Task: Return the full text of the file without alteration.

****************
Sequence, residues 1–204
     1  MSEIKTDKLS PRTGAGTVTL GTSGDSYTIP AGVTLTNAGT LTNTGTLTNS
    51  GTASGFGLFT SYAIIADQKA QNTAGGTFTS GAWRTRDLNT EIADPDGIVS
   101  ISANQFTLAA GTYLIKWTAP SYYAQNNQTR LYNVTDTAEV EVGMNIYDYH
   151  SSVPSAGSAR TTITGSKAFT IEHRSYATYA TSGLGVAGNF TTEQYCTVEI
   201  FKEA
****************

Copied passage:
Sequence, residues 1–204
     1  MSEIKTDKLS PRTGAGTVTL GTSGDSYTIP AGVTLTNAGT LTNTGTLTNS
    51  GTASGFGLFT SYAIIADQKA QNTAGGTFTS GAWRTRDLNT EIADPDGIVS
   101  ISANQFTLAA GTYLIKWTAP SYYAQNNQTR LYNVTDTAEV EVGMNIYDYH
   151  SSVPSAGSAR TTITGSKAFT IEHRSYATYA TSGLGVAGNF TTEQYCTVEI
   201  FKEA